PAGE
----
When Estes first came to the Catholic school, tuition was $50 a month; now it is $475. Though financial assistance is available, Estes said new ways of financing Catholic education need to be found.
 
As he looks to the future, Estes can’t help but look back on the changes he has experienced. “We’ve had a lot of change here at the school,” he said. “Change takes a lot of work, a lot of forethought and a willingness to change. …Change is a risk, but you have to go forward.”
 
--Originally published in the Fall 2017 issue of Vermont Catholic magazine.
  • Published in Diocesan

Flynn Estate Scholarship Program

For more than 40 years Vermont Catholic Charities Inc. has been supporting the educational and economic needs of children in Chittenden County with funds from the late John J. Flynn bequest.
 
“The Flynn Estate Scholarship Program is available to provide supplemental assistance to families who find themselves unable to meet their tuition commitment at a Catholic school in Chittenden County because of unforeseen circumstances,” noted Mary Beth Pinard, executive director of Vermont Catholic Charities. “The funds are not intended to be planned budget tuition income for the schools.”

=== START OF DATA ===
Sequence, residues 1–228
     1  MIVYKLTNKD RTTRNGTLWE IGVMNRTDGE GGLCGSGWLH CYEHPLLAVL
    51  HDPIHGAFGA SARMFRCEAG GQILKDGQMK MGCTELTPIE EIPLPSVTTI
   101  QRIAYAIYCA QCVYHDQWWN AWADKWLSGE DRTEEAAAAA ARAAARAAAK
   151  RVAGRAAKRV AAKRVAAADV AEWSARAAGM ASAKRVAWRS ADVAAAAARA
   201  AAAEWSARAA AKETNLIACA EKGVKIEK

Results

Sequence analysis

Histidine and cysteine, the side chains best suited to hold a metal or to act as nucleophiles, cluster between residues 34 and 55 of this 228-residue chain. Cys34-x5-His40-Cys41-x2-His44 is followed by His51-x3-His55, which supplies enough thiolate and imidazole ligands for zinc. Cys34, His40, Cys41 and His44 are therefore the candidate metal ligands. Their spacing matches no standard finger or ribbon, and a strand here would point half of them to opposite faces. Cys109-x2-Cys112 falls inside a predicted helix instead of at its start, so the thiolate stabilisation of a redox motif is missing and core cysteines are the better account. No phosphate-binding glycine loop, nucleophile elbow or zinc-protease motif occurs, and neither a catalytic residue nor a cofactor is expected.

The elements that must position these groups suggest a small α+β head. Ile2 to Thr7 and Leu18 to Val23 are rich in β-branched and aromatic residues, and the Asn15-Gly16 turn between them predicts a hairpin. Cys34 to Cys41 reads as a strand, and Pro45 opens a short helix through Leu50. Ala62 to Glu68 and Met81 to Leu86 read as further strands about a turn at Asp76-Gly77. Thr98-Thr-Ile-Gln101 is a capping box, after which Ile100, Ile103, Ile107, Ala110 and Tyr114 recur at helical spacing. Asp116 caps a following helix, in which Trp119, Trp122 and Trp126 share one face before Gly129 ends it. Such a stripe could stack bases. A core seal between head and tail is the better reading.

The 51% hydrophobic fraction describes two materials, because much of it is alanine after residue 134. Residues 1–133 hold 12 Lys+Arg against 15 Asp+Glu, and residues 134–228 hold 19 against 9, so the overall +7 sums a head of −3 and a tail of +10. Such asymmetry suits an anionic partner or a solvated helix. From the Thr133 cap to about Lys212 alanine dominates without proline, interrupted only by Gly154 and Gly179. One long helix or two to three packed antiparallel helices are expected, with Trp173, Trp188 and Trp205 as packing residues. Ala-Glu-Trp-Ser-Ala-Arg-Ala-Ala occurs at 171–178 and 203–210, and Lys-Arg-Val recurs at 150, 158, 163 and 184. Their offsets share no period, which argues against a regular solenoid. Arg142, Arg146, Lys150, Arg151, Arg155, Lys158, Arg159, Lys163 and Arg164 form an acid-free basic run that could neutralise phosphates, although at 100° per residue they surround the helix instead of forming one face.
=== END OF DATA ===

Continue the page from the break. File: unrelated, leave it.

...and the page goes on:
In February $40,997 was awarded to 16 families (23 students), and in May $19,022 was awarded to 11 families (16 students). Each year $60,000 is available for Vermont Catholic Charities to distribute.
 
Students who have received scholarships this year attend Rice Memorial High School in South Burlington, Mater Christi School in Burlington, St. Francis Xavier School in Winooski, Christ the King School in Burlington and St. Therese Digital Academy.
 
“The Flynn scholarships help families, tremendously, because they serve as a safety net … for families who with all good intentions contracted to pay a specific amount for the year and then an unforeseen hardship occurs and they are falling behind in their financial obligations,” commented Sister of Mercy Laura DellaSanta, Rice principal. “It is a one-time appeal that Rice can make for a particular family. It is not something families themselves apply for, but an appeal made by the school for an identified during-the-year hardship. It is always a pleasure to inform the family; [the scholarship] is received with relief and thankfulness by the family.”